RDC to slash programs, jobs

Red Deer College faculty, staff and students are bracing for an uncertain future.

Red Deer College faculty, staff and students are bracing for an uncertain future.

On Tuesday, RDC hosted an open budget forum to allow faculty and staff to ask questions about the pending changes that are needed to cover a $4.5 million deficit on Tuesday.

Post-secondary budgets were slashed by 7.3 per cent across the board as part of this year’s provincial budget. For RDC that translates to a $4.5 million reduction from its estimated $92 million budget for 2012/2013.

Ken Heather, the president of the Faculty Association of Red Deer College, said the college confirmed what has been looming in the distance — programs will be eliminated and jobs will be lost.

“They are not saying specifically where or who yet,” said Heather. “They are going to look at every program and staff. They are looking at credit and non-credit. They are looking at support services. It’s across the board. When you have to find that kind of money you have to look at everything.”

There are roughly 325 part-time and full-time faculty members at the college. Heather said there’s a general feeling that most of the decisions are close to or have already been made.

Heather said there are questions why other post-secondary institutions have already announced cost-saving plans when RDC is still working through the details.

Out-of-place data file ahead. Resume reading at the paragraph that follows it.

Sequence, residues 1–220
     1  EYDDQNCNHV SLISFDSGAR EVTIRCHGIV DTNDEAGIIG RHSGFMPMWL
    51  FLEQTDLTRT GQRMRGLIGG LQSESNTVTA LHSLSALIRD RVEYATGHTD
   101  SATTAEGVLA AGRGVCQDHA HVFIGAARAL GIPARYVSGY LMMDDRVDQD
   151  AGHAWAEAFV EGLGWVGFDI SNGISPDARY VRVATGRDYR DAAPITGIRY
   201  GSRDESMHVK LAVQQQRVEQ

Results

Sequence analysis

Anne Marie Watson, who has worked in the library for 13 years, said she has been through the program cuts and job losses before but never this drastic. Watson said they knew the cuts were coming but it’s another thing to hear there will be job cuts and eliminated programs officially.

“In one way we knew it but to hear it starkly said is unsettling,” said Watson. “But that’s the reality of the budget given by the Alberta government.”

Watson said she got the sense the college is doing its best and that its hands are tied.

Questions were raised about the collaborative programs with other post-secondary institutions that would be affected if the university made changes.

“We did get a pretty good reassurance that they have been in contact with the other intuitions and they seemed to say things will continue,” said Heather.

“I think the budget isn’t going to change. They talked to the province. Everybody knows the shortfall is the shortfall.”

RDC president Joel Ward was unavailable for comment on Tuesday. Heather said faculty has asked the president some pointed questions about generating revenue and cost cuttings.

“We are hoping those questions will be answered,” said Heather. “Undoubtably there will be more said when decisions are made.”

Heather said at the end of the day if you cut programs, cut services it is going to impact students. You can have services that may not be available.

“When we come back in the fall, I think you will see a drastic change of what Red Deer College is offering,” said Heather.

Some institutions have halted applications but RDC is continuing to accept applications.

Students’ Association of Red Deer College president Eric Peppinck said students are concerned about the potential programs that are on the chopping board. While Peppinck said the uncertainty has been frustrating, he is happy the college is taking its time to announce the plan.

“I think the college is doing a good job of causing a stink without causing widespread panic,” said Peppinck. “It’s really hard to see the impact until you have to go pay your tuition next year or you try to find something that is not there next year.”

The college is expected to announce its plans in early May. Ward hosts open forums at least once or twice a year around budget time.